Structurally, the whole of Arabia is a vast platform of ancient rocks, once continuous with north-east Africa. In relatively recent geological time a series of great fissures opened, as the result of which a large trough, or rift valley, was formed and later occupied by the sea, to produce the Red Sea and the Gulf of Aden.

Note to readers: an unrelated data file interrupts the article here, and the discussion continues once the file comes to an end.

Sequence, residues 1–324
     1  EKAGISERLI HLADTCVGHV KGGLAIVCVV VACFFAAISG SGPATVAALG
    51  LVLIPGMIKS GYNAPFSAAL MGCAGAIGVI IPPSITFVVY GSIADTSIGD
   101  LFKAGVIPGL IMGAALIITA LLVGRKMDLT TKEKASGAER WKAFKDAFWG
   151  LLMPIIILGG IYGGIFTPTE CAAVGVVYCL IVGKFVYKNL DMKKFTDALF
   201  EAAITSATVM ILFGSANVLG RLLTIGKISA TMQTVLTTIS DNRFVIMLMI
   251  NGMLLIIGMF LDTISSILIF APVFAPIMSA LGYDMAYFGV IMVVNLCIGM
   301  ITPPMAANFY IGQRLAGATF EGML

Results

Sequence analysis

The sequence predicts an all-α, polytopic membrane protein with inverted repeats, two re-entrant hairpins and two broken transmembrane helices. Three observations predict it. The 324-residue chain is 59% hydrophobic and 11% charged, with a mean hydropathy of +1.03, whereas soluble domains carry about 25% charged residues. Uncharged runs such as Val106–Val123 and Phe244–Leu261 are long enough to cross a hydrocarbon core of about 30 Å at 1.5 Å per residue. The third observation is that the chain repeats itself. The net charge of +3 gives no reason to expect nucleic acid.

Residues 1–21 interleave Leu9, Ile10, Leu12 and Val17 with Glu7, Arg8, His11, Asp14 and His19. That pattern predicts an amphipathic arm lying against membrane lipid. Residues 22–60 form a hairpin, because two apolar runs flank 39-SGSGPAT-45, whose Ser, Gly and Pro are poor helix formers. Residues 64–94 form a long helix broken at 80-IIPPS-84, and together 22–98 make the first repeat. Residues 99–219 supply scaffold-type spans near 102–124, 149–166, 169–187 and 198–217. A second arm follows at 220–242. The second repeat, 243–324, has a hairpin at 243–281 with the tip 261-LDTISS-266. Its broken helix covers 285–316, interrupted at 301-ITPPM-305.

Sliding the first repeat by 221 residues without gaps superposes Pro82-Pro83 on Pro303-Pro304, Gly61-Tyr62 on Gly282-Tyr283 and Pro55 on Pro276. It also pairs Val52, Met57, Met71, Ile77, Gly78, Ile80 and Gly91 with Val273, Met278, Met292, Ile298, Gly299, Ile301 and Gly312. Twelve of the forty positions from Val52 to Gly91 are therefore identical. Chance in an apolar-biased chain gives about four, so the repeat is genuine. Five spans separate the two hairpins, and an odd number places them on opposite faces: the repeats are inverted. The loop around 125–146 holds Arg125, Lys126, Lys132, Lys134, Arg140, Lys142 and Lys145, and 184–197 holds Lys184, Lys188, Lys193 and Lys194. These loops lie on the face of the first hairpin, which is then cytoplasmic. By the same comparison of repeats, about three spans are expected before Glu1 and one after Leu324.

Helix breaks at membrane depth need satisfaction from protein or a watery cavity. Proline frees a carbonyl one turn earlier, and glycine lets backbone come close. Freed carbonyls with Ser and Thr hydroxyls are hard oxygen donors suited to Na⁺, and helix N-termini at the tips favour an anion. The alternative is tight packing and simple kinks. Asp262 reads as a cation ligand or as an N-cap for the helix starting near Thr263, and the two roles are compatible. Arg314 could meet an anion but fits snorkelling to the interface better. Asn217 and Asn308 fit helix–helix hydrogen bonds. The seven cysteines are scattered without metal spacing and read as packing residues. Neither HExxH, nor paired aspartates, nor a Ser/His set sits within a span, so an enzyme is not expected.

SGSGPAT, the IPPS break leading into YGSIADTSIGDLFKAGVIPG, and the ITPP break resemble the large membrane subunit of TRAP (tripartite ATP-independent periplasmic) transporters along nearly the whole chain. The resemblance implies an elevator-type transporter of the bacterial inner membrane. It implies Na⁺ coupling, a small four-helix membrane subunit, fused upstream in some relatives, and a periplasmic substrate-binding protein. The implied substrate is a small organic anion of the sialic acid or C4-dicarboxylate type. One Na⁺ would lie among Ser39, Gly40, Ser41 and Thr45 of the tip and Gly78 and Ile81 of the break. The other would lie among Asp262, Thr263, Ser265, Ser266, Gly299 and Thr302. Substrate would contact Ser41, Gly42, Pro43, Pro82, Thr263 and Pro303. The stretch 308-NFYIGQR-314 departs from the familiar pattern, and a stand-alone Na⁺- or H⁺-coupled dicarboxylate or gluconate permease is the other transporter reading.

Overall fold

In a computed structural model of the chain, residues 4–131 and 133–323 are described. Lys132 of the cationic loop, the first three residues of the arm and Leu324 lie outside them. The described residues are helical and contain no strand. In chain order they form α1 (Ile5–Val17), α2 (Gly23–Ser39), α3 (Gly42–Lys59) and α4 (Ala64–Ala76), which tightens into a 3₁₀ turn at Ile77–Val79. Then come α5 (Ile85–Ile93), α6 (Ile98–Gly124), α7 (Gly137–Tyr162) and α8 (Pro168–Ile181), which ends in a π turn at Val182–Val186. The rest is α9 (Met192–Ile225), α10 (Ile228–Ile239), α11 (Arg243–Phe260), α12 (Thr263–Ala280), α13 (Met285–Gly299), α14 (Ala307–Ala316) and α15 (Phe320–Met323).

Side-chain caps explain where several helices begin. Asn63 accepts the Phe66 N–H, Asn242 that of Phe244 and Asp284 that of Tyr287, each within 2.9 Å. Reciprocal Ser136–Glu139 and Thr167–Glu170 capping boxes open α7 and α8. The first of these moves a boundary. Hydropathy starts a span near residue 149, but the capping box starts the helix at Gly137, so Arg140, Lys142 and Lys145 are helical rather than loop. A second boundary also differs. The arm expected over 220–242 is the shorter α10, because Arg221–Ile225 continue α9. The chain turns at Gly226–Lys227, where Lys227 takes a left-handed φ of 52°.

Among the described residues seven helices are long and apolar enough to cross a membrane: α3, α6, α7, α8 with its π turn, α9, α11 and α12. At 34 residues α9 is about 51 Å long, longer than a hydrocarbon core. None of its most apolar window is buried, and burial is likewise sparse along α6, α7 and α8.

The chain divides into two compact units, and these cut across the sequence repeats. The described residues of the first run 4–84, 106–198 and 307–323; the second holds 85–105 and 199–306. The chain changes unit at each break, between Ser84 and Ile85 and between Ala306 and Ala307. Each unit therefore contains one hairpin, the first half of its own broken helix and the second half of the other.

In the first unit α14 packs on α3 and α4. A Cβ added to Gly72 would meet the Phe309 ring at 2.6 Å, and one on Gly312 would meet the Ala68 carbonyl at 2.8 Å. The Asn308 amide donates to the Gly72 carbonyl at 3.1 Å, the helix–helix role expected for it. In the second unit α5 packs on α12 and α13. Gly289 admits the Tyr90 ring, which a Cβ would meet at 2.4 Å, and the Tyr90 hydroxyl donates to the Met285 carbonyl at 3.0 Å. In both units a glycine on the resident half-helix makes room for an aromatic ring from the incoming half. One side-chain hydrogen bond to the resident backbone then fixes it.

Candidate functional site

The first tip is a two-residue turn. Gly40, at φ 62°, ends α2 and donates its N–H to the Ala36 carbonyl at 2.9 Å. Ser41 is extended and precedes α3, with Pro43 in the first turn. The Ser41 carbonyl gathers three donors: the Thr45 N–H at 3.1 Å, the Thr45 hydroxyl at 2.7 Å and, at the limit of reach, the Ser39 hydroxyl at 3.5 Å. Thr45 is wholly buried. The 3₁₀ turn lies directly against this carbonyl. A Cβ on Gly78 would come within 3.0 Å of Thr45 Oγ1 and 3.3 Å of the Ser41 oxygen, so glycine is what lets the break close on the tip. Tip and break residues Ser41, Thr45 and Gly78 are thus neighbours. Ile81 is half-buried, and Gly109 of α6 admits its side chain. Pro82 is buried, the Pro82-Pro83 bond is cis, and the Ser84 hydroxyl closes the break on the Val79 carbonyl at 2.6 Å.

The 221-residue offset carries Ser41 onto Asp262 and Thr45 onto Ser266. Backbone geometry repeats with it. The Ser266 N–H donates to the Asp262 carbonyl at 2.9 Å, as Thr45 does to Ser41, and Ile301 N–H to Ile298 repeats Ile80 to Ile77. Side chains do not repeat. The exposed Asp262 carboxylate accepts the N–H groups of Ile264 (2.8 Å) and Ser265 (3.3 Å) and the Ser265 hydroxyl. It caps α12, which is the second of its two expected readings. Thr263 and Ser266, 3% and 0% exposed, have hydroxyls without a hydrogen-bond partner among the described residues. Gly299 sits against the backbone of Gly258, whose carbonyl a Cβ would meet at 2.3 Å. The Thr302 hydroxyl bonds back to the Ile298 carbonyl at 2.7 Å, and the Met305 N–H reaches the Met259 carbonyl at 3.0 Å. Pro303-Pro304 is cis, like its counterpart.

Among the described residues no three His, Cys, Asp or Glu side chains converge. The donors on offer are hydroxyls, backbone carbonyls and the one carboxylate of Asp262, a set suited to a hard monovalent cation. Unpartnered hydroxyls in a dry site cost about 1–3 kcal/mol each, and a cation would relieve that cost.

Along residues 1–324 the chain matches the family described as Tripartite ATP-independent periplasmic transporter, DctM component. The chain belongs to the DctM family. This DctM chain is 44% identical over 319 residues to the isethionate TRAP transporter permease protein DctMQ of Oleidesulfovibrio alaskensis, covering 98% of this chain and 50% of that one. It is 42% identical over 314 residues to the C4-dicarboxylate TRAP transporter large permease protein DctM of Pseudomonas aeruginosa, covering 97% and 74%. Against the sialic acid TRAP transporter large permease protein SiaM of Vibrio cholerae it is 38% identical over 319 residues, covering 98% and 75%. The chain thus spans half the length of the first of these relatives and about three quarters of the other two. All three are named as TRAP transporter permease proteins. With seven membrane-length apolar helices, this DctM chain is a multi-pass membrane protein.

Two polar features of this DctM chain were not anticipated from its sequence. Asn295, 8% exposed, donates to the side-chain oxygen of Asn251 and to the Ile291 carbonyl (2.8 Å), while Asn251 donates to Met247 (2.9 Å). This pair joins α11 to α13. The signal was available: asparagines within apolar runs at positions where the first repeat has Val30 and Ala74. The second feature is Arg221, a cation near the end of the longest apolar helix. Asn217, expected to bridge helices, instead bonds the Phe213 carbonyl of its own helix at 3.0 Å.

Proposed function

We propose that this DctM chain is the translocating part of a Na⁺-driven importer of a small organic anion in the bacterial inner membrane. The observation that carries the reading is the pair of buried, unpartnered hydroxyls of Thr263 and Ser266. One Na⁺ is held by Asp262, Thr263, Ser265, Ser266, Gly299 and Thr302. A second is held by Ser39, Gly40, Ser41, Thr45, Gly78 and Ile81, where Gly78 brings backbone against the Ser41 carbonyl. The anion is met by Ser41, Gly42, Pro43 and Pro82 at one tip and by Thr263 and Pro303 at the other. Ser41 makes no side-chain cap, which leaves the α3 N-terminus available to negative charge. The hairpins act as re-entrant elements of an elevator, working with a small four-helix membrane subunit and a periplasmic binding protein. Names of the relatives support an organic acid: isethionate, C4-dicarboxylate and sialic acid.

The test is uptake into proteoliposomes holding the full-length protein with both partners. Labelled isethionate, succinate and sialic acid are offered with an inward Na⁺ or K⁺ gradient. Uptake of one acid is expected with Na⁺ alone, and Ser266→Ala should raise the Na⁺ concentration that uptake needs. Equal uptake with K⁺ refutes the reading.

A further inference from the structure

The Arabian platform is tilted, with its highest part in the extreme west, along the Red Sea, sloping gradually down from the west to the east. The Red Sea coast, where the upward tilt is greatest, is often bold and mountainous, with peaks of 3,000 meters. Along the Red Sea coast, there is a narrow coastal strip (Tihama) which broadens out in the Jiddah area and provides access through the highlands to the interior. On the eastern side of the Kingdom, the Arabian Gulf coast is flat and low-lying. The shallow seas in this region deposited layers of younger sedimentary rock, allowing the creation of the vast oil reserves for which the area was to become famous. The coast is fringed with extensive coral reefs which make it difficult to approach the shore in many places.